The case at bar is almost indistinguishable from the Morgan case. Here, the agents were selling insurance and collecting the premiums on an installment basis. They were really "salesmen-collectors", the term used to characterize the defendants in Morgan. Just as in the Morgan case they left their original employer shortly after the company had been purchased and, associating with a competitor, solicited business from their old customers. It seems that in the case at bar the customer lists and customer information were for all intents and purposes of the same kind as those in the case cited.

 In another relatively recent case, Robinson Electronic Supervisory Co. v. Johnson, 397 Pa. 268, 154 A.2d 494 (1959), the plaintiff, who was in the business of installing and operating electrical security devices, had brought suit to enjoin several of its former employees from forming a competitive business. While working for the plaintiff, they had gathered from customer's business premises a great deal of information necessary for the installation of the plaintiff's equipment. In upholding the preliminary injunction the court stated: "The record establishes that defendants * * * through their employment relationship with plaintiff, became familiar with the special problems and details of many potential customers' business establishments in the Philadelphia area." A similar statement can easily be made about the case at bar. Agents who sell industrial life insurance gleen a great deal of information about the neighborhood and about their customers so that they can obtain maximum effectiveness. For example, they will learn on what day and at what time of the day it is most convenient to collect the premium from each policyholder.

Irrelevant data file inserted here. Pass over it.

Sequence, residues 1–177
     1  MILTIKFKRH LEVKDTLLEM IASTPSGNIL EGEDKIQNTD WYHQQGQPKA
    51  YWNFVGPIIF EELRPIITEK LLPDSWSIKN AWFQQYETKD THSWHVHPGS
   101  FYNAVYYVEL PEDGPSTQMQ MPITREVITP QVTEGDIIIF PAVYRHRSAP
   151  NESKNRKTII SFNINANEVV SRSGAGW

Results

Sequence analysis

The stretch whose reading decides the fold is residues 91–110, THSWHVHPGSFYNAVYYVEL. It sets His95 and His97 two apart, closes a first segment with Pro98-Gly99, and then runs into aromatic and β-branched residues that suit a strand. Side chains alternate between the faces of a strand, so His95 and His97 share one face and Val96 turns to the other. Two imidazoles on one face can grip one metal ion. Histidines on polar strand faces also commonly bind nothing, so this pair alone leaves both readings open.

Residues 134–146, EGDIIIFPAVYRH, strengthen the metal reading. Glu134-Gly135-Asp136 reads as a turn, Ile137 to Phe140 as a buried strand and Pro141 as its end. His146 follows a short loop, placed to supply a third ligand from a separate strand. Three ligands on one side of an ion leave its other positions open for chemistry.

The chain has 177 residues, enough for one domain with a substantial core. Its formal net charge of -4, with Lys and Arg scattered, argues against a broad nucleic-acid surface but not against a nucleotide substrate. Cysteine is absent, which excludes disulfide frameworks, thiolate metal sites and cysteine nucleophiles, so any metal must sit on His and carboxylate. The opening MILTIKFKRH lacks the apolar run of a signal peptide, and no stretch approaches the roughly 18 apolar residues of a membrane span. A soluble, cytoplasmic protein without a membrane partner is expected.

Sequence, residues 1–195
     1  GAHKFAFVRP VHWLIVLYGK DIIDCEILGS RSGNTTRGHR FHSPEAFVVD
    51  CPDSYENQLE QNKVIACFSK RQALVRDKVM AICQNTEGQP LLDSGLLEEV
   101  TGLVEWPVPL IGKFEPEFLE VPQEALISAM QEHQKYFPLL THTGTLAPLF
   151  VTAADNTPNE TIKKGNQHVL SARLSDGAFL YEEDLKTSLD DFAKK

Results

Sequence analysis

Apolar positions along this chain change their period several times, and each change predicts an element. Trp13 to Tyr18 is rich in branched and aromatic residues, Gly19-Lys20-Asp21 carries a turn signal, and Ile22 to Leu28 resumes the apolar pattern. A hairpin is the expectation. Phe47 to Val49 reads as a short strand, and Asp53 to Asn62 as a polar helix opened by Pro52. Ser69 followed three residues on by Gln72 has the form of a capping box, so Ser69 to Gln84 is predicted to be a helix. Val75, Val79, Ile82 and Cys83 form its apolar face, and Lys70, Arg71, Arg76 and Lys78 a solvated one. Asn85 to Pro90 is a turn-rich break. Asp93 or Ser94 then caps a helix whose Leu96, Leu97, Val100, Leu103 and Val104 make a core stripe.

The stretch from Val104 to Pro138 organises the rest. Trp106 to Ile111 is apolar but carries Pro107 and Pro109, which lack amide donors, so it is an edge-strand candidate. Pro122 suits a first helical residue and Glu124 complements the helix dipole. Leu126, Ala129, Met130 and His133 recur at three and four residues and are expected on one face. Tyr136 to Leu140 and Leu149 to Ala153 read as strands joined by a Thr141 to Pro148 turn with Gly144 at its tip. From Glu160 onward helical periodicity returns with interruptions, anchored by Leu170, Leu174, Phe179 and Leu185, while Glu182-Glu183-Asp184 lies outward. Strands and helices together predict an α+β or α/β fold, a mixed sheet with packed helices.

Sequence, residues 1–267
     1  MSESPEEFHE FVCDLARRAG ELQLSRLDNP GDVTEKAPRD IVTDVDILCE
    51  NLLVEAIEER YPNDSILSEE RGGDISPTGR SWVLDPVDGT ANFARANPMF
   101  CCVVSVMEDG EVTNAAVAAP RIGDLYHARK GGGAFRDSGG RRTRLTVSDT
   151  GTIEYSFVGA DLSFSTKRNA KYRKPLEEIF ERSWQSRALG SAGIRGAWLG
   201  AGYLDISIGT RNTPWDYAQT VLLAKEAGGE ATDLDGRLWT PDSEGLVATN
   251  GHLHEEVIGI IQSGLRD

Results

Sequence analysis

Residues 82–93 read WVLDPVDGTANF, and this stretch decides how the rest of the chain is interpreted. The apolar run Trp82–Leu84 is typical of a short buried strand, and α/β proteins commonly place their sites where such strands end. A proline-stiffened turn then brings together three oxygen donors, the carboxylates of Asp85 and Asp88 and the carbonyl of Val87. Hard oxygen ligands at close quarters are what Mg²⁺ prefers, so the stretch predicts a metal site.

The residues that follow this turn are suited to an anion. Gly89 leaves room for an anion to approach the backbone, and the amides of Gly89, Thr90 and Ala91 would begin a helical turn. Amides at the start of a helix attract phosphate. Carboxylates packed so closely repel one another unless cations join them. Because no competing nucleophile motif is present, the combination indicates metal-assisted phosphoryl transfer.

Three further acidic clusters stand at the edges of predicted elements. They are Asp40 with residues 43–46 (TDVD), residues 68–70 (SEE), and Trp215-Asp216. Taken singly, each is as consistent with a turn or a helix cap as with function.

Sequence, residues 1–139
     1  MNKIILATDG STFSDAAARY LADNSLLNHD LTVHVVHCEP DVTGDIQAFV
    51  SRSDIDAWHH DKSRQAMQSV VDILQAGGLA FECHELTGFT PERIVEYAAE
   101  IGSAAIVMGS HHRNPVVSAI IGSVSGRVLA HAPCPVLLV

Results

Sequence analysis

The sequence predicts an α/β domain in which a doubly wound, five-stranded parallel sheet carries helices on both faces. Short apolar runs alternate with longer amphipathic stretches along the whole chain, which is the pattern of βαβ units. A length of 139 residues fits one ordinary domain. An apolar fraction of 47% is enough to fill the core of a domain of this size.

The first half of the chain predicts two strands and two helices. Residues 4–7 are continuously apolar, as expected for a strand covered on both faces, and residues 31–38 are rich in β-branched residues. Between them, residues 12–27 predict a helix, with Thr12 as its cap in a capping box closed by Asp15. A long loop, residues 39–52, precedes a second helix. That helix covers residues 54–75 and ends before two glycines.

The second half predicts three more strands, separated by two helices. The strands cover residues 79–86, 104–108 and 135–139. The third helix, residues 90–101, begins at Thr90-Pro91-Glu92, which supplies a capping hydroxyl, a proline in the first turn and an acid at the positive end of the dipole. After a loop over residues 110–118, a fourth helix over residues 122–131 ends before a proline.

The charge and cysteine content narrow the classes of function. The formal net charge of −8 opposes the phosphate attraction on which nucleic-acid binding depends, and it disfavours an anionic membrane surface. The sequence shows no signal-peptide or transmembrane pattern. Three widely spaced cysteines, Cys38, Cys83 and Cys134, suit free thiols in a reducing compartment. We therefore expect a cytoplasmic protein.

The Third Circuit through Judge Hastie had occasion to consider the same issue now facing this court in American Ice Co. v. Royal Petroleum Corp., 261 F.2d 365 (3d Cir. 1958). The Court there upheld an injunction against some former employees and a competitor of the plaintiff oil company where the individual defendants had gone to work for corporate defendant taking with them customer lists which the plaintiff had recently purchased from a third concern.